In particular embodiments, controller 50 corresponds to a microprocessor and includes one or more software modules 51 for calculating blood oxygen saturation or a related parameter using the detector output signal 41 and generating an output signal 52 corresponding to that saturation level. Modules 51 may also be configured to perform one or more of the following operations: i) store output signal 52 as a stored value 53 in memory 50 m of controller 50 or a separate memory device 80; ii) send output signal 52 to an RF communication device 90 for sending an RF signal 91 (corresponding to signal 52) to an external device 100; iii) direct memory device 80 to send a plurality of signals 52 (corresponding to a plurality of stored values 53) to communication device 90 for wireless communication with an external device 100 (e.g., either in continuous or a burst mode, either of which can be in response to a signal 92 from device 100 or a condition module 51 such as an oxygen saturation being below a threshold); and iv) initiate one or more oxygen saturation measurements by sending of signals 38 to emitter 30 either at selected time intervals or in response to an input such as a signal 92 from external device 100. For embodiments of apparatus 10 including a communication device 90, module 51 can be programmed to transmit signals 52, 91 continuously, at set time intervals or in response to one or more conditions being met such as oxygen saturation falling below a set threshold (e.g., 95, 90% etc.). The later case can be tailored for monitoring bedridden patients including critical care patients with the specific oxygen threshold dictated by the particular patient and their condition (e.g., peripheral claudication). In use, these and related embodiments eliminate the need to have critical care and other bedridden patients tethered to an oximeter (either via transcutaneous probe or a pulmonary arterial catheter). Also, multiple apparati 10 can be placed at a number of locations in the patient's body such as in one or more of their extremities in order to get a broader picture of perfusion and tissue oxygenation throughout the patient's body. In particular embodiments, apparatus 10 can be placed in each extremity (e.g. arms and legs) so that the medical care giver can ascertain if uniform perfusion is occurring in these locations, and if not, be able to compare perfusion/oxygenation in one limb with another, for example leg vs. arm or arm vs. arm. In a related or alternative embodiment at least a first and second apparatus 10 can be placed at two target tissue sites TS with blood oxygen measurement at the first site being compared to the second site. This can allow for determining if one site is hypoxic/underperfused compared to the second site as well as if both sites are hypoxic/underperfused to allow for a more comprehensive determination of one or more of deep vein thrombosis, transplant tissue viability/health, or tumor location or state. In another related embodiment, multiple apparati 10 can be placed at the same or different tissue sites in order to develop a map of blood oxygen saturation for a given tissue site TS or multiple tissue sites.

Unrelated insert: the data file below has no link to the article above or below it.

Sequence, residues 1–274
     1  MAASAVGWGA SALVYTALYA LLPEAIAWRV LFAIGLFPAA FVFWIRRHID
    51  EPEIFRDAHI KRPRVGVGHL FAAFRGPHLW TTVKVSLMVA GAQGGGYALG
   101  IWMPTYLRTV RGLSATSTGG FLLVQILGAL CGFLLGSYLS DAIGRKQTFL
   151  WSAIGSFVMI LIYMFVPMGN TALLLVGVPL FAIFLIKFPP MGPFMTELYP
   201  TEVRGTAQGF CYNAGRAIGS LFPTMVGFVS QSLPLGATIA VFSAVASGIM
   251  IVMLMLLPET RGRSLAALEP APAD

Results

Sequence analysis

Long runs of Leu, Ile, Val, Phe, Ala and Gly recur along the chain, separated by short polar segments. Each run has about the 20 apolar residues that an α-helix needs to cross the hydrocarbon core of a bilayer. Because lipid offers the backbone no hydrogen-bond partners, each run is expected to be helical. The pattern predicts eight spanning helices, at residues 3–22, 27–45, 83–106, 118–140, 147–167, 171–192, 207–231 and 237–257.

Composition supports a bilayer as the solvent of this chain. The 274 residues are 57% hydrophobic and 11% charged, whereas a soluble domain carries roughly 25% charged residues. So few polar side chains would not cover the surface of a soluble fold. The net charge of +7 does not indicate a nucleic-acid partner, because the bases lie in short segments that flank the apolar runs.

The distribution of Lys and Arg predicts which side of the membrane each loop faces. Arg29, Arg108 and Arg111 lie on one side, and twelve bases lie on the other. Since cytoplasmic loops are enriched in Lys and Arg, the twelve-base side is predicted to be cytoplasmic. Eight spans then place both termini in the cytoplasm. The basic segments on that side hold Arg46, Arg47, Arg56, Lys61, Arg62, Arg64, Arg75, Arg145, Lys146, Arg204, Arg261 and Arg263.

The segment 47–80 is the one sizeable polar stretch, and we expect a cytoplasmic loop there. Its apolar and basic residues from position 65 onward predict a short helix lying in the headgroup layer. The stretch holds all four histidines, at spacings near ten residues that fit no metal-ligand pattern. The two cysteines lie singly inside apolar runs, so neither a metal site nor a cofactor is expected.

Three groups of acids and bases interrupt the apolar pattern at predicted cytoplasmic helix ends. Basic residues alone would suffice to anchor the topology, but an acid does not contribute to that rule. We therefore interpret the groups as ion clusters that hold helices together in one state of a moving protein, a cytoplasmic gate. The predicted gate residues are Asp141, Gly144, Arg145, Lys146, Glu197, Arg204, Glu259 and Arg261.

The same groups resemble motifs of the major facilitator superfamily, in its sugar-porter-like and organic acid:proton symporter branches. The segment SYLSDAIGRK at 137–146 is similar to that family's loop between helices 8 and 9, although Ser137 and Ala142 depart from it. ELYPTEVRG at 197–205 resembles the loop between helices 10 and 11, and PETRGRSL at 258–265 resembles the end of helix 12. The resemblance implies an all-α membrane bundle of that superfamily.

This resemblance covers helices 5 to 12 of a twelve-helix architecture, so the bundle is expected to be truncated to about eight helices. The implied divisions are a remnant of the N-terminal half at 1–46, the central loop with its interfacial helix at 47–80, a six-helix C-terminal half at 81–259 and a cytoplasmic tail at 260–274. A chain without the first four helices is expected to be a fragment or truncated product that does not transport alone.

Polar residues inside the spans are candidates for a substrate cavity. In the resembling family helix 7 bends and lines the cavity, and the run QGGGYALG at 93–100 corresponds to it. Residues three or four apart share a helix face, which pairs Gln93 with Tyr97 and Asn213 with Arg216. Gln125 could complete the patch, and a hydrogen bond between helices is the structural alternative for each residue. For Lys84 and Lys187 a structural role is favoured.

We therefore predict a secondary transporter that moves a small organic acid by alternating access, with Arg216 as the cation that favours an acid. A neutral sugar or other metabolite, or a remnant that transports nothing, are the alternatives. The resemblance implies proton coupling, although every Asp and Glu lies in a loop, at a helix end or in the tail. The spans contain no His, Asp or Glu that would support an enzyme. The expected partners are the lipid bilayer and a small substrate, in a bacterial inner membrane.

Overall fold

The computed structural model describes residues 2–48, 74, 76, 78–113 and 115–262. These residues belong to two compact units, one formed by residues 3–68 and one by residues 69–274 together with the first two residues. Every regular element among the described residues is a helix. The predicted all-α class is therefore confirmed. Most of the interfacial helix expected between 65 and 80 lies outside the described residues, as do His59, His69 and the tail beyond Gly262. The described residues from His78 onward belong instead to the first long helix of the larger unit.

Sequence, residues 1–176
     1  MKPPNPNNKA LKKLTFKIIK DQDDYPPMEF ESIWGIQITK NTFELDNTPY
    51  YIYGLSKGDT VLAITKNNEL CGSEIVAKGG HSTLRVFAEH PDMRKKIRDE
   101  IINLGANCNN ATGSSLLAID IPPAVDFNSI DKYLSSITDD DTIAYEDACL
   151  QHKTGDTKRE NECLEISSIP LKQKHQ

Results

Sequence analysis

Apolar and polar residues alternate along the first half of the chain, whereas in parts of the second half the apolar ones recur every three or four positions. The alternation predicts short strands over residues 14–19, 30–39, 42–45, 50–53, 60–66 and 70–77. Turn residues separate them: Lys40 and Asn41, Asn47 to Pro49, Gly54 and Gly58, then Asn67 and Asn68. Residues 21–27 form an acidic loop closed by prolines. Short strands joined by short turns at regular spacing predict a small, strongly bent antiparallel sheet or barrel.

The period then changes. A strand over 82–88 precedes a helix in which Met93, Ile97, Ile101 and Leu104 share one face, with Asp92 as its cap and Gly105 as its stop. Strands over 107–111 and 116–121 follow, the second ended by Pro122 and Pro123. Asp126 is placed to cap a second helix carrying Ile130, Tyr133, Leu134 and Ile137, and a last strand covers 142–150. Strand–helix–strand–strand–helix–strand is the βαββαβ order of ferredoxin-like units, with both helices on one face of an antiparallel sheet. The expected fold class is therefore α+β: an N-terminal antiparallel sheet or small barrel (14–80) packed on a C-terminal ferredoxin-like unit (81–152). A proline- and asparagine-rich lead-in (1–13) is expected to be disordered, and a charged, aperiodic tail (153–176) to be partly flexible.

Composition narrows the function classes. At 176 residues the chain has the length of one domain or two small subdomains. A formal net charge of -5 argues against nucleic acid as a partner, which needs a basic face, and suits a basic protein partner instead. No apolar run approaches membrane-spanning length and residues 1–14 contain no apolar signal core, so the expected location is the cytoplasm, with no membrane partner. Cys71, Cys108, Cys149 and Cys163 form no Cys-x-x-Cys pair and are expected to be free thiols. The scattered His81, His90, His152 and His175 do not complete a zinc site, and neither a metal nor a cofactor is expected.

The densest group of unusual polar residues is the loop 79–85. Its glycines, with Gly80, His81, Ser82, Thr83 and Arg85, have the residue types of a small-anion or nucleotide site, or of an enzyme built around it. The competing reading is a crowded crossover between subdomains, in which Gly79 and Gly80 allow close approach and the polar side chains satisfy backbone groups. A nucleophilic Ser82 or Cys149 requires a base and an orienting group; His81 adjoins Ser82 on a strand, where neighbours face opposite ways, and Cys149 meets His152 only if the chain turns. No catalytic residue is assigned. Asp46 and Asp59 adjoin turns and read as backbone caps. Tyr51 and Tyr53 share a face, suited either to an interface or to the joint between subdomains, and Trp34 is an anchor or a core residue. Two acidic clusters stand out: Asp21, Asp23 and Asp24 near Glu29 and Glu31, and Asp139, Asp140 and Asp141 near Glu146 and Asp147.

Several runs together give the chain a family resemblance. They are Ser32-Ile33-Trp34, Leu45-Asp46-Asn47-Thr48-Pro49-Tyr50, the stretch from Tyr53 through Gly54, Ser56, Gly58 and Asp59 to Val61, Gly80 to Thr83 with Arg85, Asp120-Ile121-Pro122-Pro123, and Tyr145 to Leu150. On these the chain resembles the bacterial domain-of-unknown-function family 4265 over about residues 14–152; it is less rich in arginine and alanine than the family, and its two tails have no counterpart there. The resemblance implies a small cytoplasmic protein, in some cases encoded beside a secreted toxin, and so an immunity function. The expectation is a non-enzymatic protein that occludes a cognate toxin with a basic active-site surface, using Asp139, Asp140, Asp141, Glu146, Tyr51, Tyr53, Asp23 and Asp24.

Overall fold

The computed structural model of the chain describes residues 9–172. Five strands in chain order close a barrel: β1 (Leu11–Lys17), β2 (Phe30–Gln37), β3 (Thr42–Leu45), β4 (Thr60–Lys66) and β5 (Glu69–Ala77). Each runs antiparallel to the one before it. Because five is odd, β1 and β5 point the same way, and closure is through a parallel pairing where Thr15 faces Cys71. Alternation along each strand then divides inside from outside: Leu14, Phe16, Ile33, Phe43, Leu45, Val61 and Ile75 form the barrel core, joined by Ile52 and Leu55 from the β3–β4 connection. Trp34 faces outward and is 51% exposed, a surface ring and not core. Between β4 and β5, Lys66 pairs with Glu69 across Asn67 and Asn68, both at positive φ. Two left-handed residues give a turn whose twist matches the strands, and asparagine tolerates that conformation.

Power source 70 is configured to power one or more components of apparatus 10. In many embodiments, power source 70 is configured to power at least one of emitter 30, detector 40, controller 50, electronic devices 60 and communication device 90. Typically, the power source is directly coupled to at least the controller 50 but may be coupled to other components as well including for example, a recharging device such as an energy harvesting mechanism. Typically, power source 70 is positioned within housing 20 but also may be disposed on the housing exterior. In many embodiments, the power source 70 comprises a miniature battery 71 such as a lithium or lithium ion battery which can include rechargeable batteries. Desirably, the battery 71 has a form factor such as a cylindrical form factor which corresponds to the shape of housing interior volume 26. In one alternative embodiment, power source 70 may also correspond to a super capacitor.